But Camp Ashraf is more than a strategic base for Massoud and Maryam Rajavi. It is the ideological training base of their cult. Without the isolation from the outside world and complete control over the lives of its inhabitants which the camp offers them, they simply cannot exert the level of psychological manipulation and coercion on their followers which guarantees their total submission and willingness to sacrifice their lives in suicide missions.

Iranians worldwide are entitled to ask why, in spite of its vociferous demand to be removed from the terrorist lists, no efforts are being made by the US to resolve the humanitarian crisis at Camp Ashraf and free these former military personnel from their captivity. The average age of the internees is around 45 years old – this is no longer a viable fighting force. What benefit does this cult have for the in ?

The British Navy personnel were held for two weeks without consular access. The Iranian ‘diplomats’ were held for two months without contact. But the people in Camp Ashraf have been held incommunicado for four years. This is surely not acceptable behaviour by coalition forces which claim to have invaded to bring democracy and to fight terrorism. (President George W. Bush named the MEK as one of the terrorist groups supported by Saddam Hussein; one of his reasons for attacking Iraq).

In spite of UN Protected Persons status, for four years these individuals have been denied free and unfettered contact with their families. They are also denied the freedom to choose whether to remain as members of the terrorist group or not. A large minority have previous residence rights in third countries, whether as citizens, refugees or having relatives in those countries. These individuals are still denied the right to leave the Camp and take up residence in third countries.

In one example, the husband and daughter of a Camp Ashraf resident travelled from Norway on three occasions with an entry visa to so that she could join them there. At no time did the forces responsible for the group facilitate a private visit with her family. She was always accompanied by Mojahedin minders of whom she was clearly afraid. Families from the UK and Cananda have reported similar experiences.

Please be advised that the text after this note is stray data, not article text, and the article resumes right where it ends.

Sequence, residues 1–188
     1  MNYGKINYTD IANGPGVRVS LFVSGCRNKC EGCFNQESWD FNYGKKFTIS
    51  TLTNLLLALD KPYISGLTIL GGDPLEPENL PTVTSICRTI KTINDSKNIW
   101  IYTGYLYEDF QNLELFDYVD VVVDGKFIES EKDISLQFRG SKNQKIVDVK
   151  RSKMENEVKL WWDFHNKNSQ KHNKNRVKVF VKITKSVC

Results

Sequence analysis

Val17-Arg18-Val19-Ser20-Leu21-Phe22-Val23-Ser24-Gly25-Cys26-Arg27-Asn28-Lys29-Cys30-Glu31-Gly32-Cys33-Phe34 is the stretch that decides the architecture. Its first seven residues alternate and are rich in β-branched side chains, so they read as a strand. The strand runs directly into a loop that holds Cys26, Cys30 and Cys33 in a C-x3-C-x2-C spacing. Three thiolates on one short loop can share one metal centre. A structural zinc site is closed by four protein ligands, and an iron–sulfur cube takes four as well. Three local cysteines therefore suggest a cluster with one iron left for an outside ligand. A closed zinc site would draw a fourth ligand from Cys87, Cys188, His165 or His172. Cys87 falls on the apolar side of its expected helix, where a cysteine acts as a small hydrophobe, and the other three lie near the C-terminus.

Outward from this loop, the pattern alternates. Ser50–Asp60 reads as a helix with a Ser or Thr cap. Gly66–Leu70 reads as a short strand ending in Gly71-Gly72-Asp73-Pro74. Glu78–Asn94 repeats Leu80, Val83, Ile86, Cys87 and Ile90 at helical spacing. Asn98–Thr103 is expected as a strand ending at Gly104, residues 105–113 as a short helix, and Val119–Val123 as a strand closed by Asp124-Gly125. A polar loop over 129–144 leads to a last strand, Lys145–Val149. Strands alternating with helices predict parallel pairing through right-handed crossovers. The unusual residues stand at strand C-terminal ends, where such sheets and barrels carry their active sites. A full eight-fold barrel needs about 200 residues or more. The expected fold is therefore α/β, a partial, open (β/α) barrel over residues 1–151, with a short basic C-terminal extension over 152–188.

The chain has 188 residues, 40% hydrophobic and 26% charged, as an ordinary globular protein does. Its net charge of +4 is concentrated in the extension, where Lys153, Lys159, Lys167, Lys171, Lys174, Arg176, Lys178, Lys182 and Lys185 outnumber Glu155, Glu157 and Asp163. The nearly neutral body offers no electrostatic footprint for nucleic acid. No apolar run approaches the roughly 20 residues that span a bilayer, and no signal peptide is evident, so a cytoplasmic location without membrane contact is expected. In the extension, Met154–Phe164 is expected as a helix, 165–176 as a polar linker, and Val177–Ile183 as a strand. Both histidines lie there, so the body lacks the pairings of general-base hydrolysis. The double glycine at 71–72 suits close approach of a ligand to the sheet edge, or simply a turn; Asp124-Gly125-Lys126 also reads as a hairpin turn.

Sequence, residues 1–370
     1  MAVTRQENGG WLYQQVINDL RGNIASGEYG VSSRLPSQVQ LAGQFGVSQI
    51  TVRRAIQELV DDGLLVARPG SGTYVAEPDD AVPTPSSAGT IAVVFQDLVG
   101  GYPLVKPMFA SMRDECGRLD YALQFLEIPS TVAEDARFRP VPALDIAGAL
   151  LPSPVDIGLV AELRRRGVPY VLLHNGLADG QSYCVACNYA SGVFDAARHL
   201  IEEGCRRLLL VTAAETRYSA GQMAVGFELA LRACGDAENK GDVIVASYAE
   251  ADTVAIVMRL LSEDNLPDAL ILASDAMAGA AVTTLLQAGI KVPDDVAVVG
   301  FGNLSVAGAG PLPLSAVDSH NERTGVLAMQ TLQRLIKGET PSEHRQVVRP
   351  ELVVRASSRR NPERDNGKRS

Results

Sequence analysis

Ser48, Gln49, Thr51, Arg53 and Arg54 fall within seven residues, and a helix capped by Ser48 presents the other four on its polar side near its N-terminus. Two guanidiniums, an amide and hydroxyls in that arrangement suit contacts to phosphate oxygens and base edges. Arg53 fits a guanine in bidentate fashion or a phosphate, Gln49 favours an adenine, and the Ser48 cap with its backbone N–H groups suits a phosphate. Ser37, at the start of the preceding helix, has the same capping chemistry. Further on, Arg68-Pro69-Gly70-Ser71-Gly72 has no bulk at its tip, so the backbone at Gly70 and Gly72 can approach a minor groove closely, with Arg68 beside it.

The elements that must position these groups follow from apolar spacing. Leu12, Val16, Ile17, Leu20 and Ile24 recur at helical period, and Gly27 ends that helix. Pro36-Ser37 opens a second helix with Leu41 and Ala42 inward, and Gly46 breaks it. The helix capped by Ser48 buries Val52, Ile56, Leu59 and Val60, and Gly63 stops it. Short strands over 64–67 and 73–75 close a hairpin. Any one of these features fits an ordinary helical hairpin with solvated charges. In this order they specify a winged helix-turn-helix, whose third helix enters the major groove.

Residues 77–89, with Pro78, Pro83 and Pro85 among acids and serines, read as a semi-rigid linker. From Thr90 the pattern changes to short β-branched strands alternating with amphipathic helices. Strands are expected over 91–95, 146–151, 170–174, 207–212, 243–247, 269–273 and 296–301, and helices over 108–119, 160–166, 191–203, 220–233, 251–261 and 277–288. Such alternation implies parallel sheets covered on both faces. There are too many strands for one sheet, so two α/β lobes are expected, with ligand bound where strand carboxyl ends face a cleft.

In this context the MEK’s vociferous efforts to demand its removal from western terrorist lists cannot possibly be taken seriously. Either the group must acquiesce willingly to the dismantlement of its military wing, or coalition forces who purportedly hold them captive in Iraq must take positive steps to do this.

While it is well known that psychological coercion is being used to keep the residents in Camp Ashraf enthralled to the leader Massoud Rajavi, apparently the significance of this is either barely understood or not appreciated. Let us remind ourselves that the cult members, who burned themselves to death in London and Paris on the order of Maryam Rajavi in June 2003, were trained for suicide missions at Camp Ashraf .

There is no shortage of expertise to advise how to dismantle a dangerous, destructive cult. Without intervention the Rajavi cult is rapidly disintegrating from within. The self-destruction of a cult is a dangerous phenomenon. The Rajavi cult has already hinted at mass suicide – through bombing, self-immolations or other means. The members have only recently been required to give fresh written guarantees to obey such an order when the time comes.

The US should be aware that unless these particular captives are given a way out, the consequences of not doing so could be every bit as serious as events at Jonestown or Waco .




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Iran-Interlink – April,2007